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Tips on how Denver employers can avoid EEOC claims of retaliation

Once an employee files an internal or EEOC claim of discrimination he or she may worry about retaliation from his or her employer. And, once a claim of employment discrimination is filed, every action taken by a supervisor or human resources personnel will be closely reviewed so it is important for employers to be aware of this while still being able to enforce the rules of conduct they expect each of their employees to follow.

Denver employers may be interested in a recent case involving a University of California database manager with a physical disability. The employee had a sight impairment that prevented his having peripheral vision. One and a half years into the job the employee had been demoted because a supervisor said he was unable to perform his job. This demotion required him to work under a new supervisor.

The employee filed a complaint both internally and with the EEOC claiming he had been discriminated against because of his disability and national origin. He simply did not get along with his new supervisor, who almost immediately began criticizing his attendance. Following this, the employee began sending his supervisor emails criticizing her work as well as her criticism of his work. After an initial meeting to discuss these issues, the employee took a week off for medical reasons, saying he did not feel well.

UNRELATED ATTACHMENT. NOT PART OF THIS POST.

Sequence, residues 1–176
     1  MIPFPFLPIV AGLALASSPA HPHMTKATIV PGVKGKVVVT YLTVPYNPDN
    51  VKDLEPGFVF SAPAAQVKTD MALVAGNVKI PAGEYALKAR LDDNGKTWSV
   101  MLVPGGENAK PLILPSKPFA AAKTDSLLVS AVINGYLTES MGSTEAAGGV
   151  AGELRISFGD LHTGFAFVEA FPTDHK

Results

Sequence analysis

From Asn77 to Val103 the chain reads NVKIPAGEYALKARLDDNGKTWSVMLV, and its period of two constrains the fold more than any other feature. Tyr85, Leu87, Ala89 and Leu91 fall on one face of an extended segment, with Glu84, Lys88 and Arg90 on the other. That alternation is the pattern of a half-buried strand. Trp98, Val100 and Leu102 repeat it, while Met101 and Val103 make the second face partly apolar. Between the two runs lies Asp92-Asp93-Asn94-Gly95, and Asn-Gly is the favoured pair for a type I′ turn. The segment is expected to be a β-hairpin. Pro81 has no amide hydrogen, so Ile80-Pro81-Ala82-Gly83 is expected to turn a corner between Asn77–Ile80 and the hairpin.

Upon his return back to work, the employee received a memo stating he needed to accept the new position and the new supervisor. Things progressively got worse and over a series of run-ins with his supervisor the employee was terminated.

The employee then sued the University claiming he was discriminated and retaliated against for filing his earlier complaints. The university countered his claims stating he had been fired for legitimate reasons, including rudeness, insubordination and disrespect of his supervisors. The court ruled in favor of the University stating it applied the same rules to this employee that it applied to all its other employees.

There was no evidence that the employee had been singled out for retaliation in any way and the wrongful termination case was dismissed. The important lesson in this case is that the employer did everything right. The same manager who had hired the employee, also made the final decision to terminate the employee.

Source: Business Management Daily, "Employee has complained about discrimination? He still has to follow all legitimate rules," April 22, 2012

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